Friday, 22 October 2010

the rise of the commuter granny

IT's a well-known fact that many of us live so far from our parents that the extended family as it once was - all pitching in to help out - is just a memory. And like many well known facts, it's not actually true.
Firstly, the golden age was never that golden: yes, we're more mobile now, but people have moved away for work for centuries. And secondly, nearby or not one in three of us still have some help from grandparents with childcare. How come? Because the hidden consequence of families scattering far and wide is sometimes not the lonely parent, but the rise of the commuter granny.
I know people whose parents come weekly to London from Kent, Lincolnshire, Surrey, and Oxfordshire to help out. My own parents have bailed us out several times despite living three hours' drive away. The recent Family Commission report from the charity 4Children found that while most couples don't live near their extended families, 60 per cent still relied on grandparents for support. They're still helping, but from further away - and possibly at greater cost to themselves.
This column describing a lonely granny in the playground, surrounded by nannies and mothers who 'swan about in boots and swirly coats' but don't talk to her, made me think. Granny childcare round the corner, fitting the kids round their own lives, is one thing: but some commuter grannies can be stranded miles from home, knowing nobody locally, a generation older than anyone at playgroup. It's stressful to parent like that, so why wouldn't it be stressful for grandparents, however much they love the kids?
Yet to admit to struggling is to feel they've not just let down their grandchildren but the adult children who rely on them. No wonder grandparents in Spain threatened to go on strike earlier this summer. Are grannies here taking more of the strain than we realise?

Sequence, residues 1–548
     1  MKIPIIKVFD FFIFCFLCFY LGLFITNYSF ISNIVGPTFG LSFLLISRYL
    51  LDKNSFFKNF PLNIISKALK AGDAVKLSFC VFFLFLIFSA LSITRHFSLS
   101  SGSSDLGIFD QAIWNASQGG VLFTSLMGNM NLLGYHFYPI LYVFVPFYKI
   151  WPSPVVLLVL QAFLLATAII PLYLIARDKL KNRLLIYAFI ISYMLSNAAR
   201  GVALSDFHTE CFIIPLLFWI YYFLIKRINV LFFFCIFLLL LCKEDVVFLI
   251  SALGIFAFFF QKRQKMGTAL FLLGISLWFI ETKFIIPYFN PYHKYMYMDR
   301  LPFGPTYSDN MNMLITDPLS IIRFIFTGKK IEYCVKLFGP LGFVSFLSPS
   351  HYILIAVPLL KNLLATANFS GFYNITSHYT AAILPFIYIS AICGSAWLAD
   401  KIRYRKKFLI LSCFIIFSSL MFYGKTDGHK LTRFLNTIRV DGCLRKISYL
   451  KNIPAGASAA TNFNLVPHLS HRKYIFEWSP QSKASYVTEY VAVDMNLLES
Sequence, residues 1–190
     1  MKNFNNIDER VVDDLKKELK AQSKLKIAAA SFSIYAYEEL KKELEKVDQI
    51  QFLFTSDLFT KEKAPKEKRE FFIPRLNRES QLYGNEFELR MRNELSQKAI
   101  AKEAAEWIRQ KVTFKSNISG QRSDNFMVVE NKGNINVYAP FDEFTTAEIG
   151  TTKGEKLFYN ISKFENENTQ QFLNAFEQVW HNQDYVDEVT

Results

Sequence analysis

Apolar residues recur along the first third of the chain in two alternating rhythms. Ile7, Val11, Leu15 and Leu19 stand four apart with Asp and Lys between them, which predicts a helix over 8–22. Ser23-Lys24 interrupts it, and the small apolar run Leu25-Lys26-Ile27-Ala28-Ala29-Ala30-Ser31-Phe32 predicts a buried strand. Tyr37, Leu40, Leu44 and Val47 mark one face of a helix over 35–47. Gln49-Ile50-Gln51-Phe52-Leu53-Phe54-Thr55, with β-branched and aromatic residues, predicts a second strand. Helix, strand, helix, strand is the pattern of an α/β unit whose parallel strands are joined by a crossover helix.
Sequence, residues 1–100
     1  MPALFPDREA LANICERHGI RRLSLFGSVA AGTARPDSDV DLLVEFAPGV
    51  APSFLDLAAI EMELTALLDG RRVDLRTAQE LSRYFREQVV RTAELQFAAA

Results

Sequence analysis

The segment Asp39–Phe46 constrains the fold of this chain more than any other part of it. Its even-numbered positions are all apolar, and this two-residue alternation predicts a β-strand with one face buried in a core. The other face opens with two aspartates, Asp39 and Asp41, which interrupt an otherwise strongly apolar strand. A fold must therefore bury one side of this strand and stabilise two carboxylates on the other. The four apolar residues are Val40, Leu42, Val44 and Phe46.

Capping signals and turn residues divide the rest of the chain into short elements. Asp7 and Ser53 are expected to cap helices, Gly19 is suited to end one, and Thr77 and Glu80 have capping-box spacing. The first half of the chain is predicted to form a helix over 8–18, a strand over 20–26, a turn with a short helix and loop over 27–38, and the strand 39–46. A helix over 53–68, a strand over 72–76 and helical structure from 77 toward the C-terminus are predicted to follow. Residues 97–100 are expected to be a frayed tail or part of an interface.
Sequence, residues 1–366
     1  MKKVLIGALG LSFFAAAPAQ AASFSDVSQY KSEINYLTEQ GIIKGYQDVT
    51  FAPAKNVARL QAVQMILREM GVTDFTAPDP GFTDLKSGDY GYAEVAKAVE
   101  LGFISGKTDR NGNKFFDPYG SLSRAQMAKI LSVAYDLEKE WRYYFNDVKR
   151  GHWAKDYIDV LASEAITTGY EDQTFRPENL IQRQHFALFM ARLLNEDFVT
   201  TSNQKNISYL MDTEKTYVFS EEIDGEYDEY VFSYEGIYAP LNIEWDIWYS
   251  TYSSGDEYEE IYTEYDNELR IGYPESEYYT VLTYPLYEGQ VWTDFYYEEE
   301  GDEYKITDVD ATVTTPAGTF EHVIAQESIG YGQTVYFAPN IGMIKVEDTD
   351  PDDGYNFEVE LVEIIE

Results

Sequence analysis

1. Yes, it's definitely a phenomenon - I actually blogged on the same subject over a year ago (see link below) and I'm sure the situation has become even more common since then.

  2. Interesting! It'll be worth keeping an eye on grannie nannie trends in England over the next few months given csr cuts to childcare element of the Working Tax Credit. If nurseries and childminders become even less affordable, will still more grandparents be forced to live the nomadic life?

    My guess is they will. I moved from the UK to the States a couple of months ago and agree with Nappy Valley Girl (good old post by the way) - its definitely a phenomenon here. In fact from what I've seen out and about it seems a bigger deal - both in terms of the numbers of grandparents caring regularly and the distances they travel. The high cost of formal childcare and absence of financial support to access it has to be a driver.

  3. I blog about Tel Aviv from a daily life perspective ~ here the grannie nannie gig is big. There is definitely the stream from Russian immigrants where the grandparents are usually at home and taking care of school age children after school is out makes lots of sense. There is also the good public transport system, which for about 20 shekels (US$ 5-) you can go two hours by bus and be 60 KM away in a different part of the country. I met a grannie from the north that comes to Tel Aviv twice a week to take the grandchildren to dance and music lessons. That's her cultural contribution to the children's life.